Sound effects are just like they should be, such as the harsh sound of banging against another marble, the ahhhhhh sound of falling off the edge, etc. Now the music really adds to the atmosphere of whichever stage you're currently challenging. The first two mazes aren't as difficult or as dangerous as the others, and the music has that futuristic cheerful sound to it to mark that. Just wait until you hear the tune that accompanies the stage with red siding in which you'll spend nearly as much time flying through the air as you will rolling on the ground. It promotes the feeling that you're in the most dangerous part of the world, and you are. This area couldn't be much more of a nightmare for a little bitty marble, especially if it has a daunting fear of heights!
I'm one who usually hates games that are so hard that I can't beat them. I've come close, but I have yet to finish Marble Madness. However, I love it as much as I would if it were a game that I could beat nearly every time I played it. I love the level designs, graphics, music, and best of all, its classic hard-edged gameplay and personality. Who knew you could feel like such a badass from playing a game of marbles?? There is just one flaw, though, that I'd like to point out. You can play a simultaneous two-player game with a friend at any time. Unfortunately, doing so really isn't that fun. You're supposed to be racing each other, and if you just want to beat them to death, then this mode is great.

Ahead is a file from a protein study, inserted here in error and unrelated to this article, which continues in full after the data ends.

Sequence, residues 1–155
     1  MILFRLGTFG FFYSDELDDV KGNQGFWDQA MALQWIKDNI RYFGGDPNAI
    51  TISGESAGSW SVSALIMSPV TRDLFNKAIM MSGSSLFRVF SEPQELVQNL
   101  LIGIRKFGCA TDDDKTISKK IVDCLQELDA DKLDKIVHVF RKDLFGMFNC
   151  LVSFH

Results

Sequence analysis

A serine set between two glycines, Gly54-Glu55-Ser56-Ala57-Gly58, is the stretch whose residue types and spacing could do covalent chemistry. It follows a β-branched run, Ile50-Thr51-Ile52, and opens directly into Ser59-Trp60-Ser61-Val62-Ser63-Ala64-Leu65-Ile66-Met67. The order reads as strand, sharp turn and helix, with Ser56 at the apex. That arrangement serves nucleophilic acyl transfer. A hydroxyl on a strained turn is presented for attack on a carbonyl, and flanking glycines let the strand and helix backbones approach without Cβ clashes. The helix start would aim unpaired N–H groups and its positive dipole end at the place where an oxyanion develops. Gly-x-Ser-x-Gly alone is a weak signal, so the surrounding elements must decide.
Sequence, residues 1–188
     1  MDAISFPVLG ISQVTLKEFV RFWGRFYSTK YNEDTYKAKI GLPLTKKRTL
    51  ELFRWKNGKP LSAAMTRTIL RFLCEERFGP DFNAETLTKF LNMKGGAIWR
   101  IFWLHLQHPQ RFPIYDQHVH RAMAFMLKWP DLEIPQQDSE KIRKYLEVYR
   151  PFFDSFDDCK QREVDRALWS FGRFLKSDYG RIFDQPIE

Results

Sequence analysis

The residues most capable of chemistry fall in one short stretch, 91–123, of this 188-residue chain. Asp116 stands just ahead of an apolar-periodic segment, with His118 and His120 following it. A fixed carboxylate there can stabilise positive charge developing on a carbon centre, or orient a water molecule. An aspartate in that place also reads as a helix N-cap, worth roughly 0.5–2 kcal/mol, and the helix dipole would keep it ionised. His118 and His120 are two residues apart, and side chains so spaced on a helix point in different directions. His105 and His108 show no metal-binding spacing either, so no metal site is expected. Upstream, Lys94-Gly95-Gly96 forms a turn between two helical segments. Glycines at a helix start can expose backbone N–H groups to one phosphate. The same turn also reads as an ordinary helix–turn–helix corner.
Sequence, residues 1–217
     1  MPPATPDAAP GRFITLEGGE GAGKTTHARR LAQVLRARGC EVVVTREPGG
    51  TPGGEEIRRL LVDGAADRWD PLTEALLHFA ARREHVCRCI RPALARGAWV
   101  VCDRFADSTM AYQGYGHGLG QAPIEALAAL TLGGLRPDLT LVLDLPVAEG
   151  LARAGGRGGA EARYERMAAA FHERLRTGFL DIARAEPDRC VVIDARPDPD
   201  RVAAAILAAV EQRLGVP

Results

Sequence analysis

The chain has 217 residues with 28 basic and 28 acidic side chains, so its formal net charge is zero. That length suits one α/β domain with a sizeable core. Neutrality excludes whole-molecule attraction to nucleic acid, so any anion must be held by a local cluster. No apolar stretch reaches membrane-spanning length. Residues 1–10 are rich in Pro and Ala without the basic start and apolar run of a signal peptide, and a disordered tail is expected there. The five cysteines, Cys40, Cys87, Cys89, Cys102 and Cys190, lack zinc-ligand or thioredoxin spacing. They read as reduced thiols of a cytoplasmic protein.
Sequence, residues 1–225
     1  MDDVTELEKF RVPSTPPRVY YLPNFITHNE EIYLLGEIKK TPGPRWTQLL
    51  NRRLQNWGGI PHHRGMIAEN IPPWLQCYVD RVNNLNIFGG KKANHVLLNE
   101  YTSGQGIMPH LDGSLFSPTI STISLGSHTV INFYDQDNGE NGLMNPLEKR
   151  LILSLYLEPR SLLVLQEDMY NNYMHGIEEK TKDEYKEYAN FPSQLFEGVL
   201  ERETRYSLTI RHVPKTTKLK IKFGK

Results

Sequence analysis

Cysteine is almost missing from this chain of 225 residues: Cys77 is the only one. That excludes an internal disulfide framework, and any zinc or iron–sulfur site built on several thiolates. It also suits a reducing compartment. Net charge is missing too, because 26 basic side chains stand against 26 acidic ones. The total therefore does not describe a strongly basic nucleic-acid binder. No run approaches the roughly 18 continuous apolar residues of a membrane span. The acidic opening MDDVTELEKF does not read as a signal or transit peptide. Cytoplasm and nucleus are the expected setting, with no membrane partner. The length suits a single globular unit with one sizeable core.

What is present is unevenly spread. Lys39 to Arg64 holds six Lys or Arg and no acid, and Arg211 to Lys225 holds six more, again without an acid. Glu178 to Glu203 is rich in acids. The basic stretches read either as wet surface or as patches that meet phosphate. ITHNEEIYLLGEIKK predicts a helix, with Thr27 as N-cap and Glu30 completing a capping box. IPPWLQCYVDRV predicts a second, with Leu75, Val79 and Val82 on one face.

But, it's terrible if you're wanting to cooperate with one another and make it to the finish line together as a team. Anytime one of the players gets left behind to where their marble goes out of the screen, a few seconds will be taken away from their clock. I never enjoyed my siblings' cries of ''Wait up, man, quit going so fast.'' Perhaps I've been tamed a bit too much by those statements that I now look at it as an unfair flaw on Marble Madness, but nonetheless, there should've been a mode included where you and a friend could go together as one more easily.
While not a perfect game, Marble Madness is perfect for anyone who's looking to add fun, intense, and challenging titles to their NES library. Marble Madness has shown me what I missed out on from not playing marbles beforehand. Wait, scratch that. I've played marbles since then, and this NES madness with marbles game is much more fun than any real life game of marbles could ever hope to be. In all seriousness, if you don't own Marble Madness, then what more can I say? Your Nintendo collection is incomplete.
Reviewer's Score: 8/10 | Originally Posted: 05/09/01, Updated 05/19/03